Friday, July 30, 2010

Malcolm MacVicar

Yes, MacVicar, as in MacVicar Hall, one of our residence halls. He was "principal," that is president, of our school 1858-1868. This was a key transitional period for the school, where we went from being a private "collegiate institute" to being a state "Normal School."

MacVicar was a Scottish immigrant to Canada and came to this country as a teenager to work as a ship's carpenter, but discovered a calling to preach and became a Baptist minister.  He found though that his real calling was in education, and he was a capable and astute educator, leading Brockport through some difficult times, where as a private school we were in real financial difficulties, to a secure place as a state supported school.

He then went on from Brockport to run Potsdam, and later several other colleges. Subsequently he was involved in higher education for blacks in the American post Civil War south. As superintendent of the American Baptist Home Mission Society, he oversaw the operations of a seminary, seven colleges, and a number of academies across the south.

MacVicar finished his career as president of the newly formed Union University in Virginia, which is today Virginia Union University - and they also have a residence hall named after MacVicar!

Thursday, July 15, 2010

Our school, from an early catalog

[caption id="attachment_13" align="aligncenter" width="470" caption="The Brockport Collegiate Institute in 1842"][/caption]

Thursday, July 8, 2010

1835 - 2010!

From  "Academy" to "Normal School" to "Teachers College," and on to today's comprehensive school, it has been a long and rather intriguing road. Many of us enjoy reading about dramatic historical events and periods, wars, revolutions etc., yet how many of us actually ever take part in such things? On the other hand, we all go to school, and yet most people know little about how education, especially higher education, has developed and grown in this country.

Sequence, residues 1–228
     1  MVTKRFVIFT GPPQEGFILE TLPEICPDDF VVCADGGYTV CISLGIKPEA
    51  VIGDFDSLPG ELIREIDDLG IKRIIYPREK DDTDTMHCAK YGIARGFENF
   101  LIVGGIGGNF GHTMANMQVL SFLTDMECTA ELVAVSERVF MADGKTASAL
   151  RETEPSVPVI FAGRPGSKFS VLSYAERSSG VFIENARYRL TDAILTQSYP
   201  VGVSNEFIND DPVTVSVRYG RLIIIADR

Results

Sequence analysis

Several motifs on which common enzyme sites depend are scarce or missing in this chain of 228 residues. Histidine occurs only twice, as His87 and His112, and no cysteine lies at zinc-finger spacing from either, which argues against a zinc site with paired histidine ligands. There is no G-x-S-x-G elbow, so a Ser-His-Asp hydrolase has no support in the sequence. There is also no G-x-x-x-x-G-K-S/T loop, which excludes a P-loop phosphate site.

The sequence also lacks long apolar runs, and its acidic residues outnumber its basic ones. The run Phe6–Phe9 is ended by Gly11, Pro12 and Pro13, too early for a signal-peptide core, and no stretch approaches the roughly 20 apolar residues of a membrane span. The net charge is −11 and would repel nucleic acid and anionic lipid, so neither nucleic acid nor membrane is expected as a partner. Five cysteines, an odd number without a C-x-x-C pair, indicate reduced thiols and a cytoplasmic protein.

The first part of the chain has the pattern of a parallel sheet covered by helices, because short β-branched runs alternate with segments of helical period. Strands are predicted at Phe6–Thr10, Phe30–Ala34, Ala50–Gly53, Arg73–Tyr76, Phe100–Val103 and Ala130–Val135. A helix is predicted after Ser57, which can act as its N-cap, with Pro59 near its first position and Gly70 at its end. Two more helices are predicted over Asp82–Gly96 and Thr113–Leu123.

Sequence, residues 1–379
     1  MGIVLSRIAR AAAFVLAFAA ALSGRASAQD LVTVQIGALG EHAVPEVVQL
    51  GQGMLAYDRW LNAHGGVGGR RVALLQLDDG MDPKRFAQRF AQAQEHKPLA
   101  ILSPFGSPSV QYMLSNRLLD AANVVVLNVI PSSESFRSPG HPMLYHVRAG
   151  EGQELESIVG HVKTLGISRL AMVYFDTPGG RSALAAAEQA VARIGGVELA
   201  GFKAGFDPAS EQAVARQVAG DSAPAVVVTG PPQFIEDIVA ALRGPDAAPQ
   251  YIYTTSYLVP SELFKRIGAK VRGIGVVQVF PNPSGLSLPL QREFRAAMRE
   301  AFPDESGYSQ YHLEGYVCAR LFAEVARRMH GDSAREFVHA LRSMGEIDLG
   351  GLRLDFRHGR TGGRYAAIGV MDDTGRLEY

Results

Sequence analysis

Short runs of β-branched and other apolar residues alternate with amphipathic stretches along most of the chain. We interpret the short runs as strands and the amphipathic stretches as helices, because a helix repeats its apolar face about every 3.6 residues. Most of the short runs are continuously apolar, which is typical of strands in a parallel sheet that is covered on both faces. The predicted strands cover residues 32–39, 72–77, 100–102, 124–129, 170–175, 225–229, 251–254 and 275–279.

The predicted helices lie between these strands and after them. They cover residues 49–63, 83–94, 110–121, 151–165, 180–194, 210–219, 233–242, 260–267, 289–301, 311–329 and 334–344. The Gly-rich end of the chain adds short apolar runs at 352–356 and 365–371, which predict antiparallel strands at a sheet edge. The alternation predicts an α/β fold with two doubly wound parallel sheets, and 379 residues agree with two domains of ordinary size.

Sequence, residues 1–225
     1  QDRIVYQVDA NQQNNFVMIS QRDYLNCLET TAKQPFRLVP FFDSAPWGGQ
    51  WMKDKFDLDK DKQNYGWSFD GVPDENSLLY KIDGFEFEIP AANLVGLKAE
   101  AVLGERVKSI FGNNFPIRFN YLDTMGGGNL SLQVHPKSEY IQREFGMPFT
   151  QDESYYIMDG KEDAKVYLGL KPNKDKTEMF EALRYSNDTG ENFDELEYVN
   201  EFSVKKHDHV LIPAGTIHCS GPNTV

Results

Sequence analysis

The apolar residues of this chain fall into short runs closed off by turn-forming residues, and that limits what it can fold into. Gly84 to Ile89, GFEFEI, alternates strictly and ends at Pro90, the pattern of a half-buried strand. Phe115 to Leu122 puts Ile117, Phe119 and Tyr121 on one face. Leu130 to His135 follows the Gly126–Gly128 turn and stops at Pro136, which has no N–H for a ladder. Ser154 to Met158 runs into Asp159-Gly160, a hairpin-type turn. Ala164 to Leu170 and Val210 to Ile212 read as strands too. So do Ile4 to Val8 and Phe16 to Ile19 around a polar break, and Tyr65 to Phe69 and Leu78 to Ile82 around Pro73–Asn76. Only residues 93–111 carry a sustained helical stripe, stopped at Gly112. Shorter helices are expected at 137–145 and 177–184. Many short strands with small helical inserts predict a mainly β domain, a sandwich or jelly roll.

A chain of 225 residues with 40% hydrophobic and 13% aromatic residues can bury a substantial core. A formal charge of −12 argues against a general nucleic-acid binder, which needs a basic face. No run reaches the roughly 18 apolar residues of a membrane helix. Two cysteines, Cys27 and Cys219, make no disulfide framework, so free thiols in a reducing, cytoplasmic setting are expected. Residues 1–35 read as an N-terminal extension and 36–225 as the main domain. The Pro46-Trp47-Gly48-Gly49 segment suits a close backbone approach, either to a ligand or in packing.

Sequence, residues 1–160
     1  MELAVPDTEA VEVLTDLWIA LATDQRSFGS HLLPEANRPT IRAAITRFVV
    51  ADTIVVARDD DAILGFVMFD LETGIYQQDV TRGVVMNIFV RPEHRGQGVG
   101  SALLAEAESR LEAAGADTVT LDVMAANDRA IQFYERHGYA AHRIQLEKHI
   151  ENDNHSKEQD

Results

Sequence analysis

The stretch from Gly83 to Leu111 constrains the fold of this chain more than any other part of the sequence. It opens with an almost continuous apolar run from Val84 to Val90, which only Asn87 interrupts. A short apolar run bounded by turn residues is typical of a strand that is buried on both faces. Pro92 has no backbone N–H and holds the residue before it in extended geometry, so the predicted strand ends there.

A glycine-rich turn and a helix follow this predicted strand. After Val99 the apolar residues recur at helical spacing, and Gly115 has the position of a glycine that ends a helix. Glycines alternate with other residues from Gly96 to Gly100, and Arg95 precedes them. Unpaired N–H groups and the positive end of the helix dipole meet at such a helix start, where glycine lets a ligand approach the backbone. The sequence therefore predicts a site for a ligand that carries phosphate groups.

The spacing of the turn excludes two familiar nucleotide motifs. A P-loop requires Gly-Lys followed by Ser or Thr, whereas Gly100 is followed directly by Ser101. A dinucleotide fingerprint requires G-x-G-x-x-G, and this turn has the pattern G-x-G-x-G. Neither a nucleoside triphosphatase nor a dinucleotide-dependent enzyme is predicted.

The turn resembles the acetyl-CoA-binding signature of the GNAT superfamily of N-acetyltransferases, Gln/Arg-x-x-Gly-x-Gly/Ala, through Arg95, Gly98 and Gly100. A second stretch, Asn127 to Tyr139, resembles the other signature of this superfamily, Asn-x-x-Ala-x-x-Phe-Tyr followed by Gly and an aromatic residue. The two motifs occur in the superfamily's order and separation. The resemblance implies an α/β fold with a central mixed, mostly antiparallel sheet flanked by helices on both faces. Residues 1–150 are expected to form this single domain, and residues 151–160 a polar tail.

Here's a (greatly!) simplified overview:  in 1835 public schooling covered grades  1-8, and there was no high school as we know it. Colleges, schools that granted the bachelor degree or higher, were extremely few in number, expensive, and generally for men only. They also tended to focus on a classical curriculum, Greek, Latin, rhetoric etc.

As the country expanded, the perception grew that more educational opportunity for its citizens was needed. People wanted better trained teachers for grades 1-8,  higher education that included more science and practical subjects, and schools more accessible to ordinary people.

This led to the development of the "academies," an early educational form that combined elements  of both today's high schools and colleges. Such a school was started here in Brockport in 1835, on land donated by Hiel Brockway, founder of Brockport. The six acres he donated are still part of the campus, the area where Hartwell Hall is now. The original building was in the same general location as Hartwell, as were subsequent buildings. (Hartwell Hall followed these earlier buildings in the late 1930s.)

So ends this initial history lesson :-) Please follow this blog over the coming year as we explore the many facets of our school's history!